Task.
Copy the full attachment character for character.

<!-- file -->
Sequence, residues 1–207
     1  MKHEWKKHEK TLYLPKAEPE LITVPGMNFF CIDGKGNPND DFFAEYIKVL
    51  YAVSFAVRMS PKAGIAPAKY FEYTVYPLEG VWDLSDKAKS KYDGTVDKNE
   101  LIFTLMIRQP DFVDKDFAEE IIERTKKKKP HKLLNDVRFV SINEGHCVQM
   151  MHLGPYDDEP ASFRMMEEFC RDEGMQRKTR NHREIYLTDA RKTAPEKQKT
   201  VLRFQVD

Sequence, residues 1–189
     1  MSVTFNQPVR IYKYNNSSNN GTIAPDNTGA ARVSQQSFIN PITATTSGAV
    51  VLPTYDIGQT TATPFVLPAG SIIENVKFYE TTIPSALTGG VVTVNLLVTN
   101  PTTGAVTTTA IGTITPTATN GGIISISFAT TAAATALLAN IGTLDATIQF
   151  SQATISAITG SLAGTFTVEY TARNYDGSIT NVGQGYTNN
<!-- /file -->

Sequence, residues 1–207
     1  MKHEWKKHEK TLYLPKAEPE LITVPGMNFF CIDGKGNPND DFFAEYIKVL
    51  YAVSFAVRMS PKAGIAPAKY FEYTVYPLEG VWDLSDKAKS KYDGTVDKNE
   101  LIFTLMIRQP DFVDKDFAEE IIERTKKKKP HKLLNDVRFV SINEGHCVQM
   151  MHLGPYDDEP ASFRMMEEFC RDEGMQRKTR NHREIYLTDA RKTAPEKQKT
   201  VLRFQVD

Sequence, residues 1–189
     1  MSVTFNQPVR IYKYNNSSNN GTIAPDNTGA ARVSQQSFIN PITATTSGAV
    51  VLPTYDIGQT TATPFVLPAG SIIENVKFYE TTIPSALTGG VVTVNLLVTN
   101  PTTGAVTTTA IGTITPTATN GGIISISFAT TAAATALLAN IGTLDATIQF
   151  SQATISAITG SLAGTFTVEY TARNYDGSIT NVGQGYTNN